BROADCAST BLUES: The commercial broadcast networks continue to see their hold slip in the major categories. Once again completely shut out in dramas, the broadcasters landed just two nominations in comedy (The Big Bang Theory and Modern Family), a new low. On the bright side, perennially overlooked The CW earned two nominations this year — doubling last year's one nod.
NO CHARACTER? NO PROBLEM: Fred Armisen (Portlandia) earned a nomination in the Outstanding Supporting Actor in a Comedy race for playing "various characters." Saturday Night Live's Kate McKinnon landed a similar nod (her first ever), for "various characters," in the Outstanding Supporting Actress in a Comedy category.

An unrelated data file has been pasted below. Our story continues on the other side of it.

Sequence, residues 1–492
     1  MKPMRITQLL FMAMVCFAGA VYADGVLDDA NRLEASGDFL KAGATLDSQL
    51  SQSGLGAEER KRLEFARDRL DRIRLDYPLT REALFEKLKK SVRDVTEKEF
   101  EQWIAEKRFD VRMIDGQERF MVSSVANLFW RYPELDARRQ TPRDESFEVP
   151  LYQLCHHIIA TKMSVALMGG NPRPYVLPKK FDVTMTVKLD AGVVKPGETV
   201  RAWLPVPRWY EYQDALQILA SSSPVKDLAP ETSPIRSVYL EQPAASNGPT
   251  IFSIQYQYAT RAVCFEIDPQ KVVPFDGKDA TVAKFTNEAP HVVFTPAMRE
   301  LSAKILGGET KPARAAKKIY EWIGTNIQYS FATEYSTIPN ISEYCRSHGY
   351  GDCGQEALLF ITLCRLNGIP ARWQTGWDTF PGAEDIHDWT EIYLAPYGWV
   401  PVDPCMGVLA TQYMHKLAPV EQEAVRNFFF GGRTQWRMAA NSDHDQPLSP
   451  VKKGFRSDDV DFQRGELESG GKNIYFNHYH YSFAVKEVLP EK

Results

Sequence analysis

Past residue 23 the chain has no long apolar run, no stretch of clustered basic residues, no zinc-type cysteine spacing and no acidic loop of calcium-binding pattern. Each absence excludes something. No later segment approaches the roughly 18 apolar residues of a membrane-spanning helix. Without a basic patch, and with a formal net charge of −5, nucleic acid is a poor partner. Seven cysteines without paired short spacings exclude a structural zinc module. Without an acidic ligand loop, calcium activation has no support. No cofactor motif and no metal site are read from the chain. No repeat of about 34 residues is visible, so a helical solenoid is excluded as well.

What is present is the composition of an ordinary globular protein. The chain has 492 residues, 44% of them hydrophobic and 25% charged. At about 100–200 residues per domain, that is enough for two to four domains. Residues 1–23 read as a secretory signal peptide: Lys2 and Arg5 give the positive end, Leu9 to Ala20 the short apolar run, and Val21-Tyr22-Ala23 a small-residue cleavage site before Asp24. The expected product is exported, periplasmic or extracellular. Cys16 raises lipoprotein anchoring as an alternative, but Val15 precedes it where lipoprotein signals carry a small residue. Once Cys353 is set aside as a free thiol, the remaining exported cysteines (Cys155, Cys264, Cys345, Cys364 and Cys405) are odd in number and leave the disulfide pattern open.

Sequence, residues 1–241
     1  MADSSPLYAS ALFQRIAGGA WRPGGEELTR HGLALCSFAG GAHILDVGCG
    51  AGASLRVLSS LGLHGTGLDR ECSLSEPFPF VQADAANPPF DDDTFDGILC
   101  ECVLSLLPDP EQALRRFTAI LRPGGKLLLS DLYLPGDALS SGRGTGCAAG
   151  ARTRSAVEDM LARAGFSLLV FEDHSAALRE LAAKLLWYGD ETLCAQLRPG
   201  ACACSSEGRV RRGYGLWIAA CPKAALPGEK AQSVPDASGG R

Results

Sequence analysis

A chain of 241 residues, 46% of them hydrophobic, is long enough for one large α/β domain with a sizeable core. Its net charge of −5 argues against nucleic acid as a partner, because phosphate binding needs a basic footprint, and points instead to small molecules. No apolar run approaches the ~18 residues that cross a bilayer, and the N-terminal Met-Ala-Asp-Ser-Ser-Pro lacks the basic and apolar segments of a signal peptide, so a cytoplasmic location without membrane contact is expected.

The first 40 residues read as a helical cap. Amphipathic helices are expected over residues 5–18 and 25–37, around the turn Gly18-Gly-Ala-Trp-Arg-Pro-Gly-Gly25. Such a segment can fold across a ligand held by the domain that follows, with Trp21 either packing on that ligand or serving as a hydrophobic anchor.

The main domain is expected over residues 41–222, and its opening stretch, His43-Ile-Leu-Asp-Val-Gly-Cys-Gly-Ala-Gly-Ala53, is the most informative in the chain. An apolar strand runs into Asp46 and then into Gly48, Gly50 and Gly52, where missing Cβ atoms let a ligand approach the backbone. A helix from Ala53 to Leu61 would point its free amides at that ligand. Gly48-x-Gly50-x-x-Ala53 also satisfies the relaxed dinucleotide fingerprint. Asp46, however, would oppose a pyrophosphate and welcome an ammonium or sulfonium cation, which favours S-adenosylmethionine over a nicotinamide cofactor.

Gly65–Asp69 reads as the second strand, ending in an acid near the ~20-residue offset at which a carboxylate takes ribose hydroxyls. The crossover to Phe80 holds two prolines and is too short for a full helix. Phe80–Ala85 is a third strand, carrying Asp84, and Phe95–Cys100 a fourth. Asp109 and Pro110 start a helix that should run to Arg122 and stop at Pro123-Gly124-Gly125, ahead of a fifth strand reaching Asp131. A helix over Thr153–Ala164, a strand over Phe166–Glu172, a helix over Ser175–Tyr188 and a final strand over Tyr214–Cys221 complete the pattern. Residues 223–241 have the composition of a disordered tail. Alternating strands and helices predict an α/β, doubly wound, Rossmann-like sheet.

WHAT ABOUT JOAN: Joan Cusack, who's been with Shameless from the beginning, also continues to enter herself — and getting nominated — in "guest" categories for the show. Because Shameless switched to comedy this year, she becomes the first guest actress playing the same character in the same show to have consecutive nominations in drama and comedy series.
HOSTS WITH THE MOST: This is the second consecutive year both Louis C.K. and Melissa McCarthy earned nominations in the comedy guest actor and actress categories for hosting an episode of Saturday Night Live. Meanwhile, Glee's Jane Lynch landed two different nominations for her emcee skills: Outstanding Host for a Reality or Reality-Competition Program (NBC's Hollywood Game Night) and Outstanding Narrator (Discovery's Penguins: Waddle All the Way).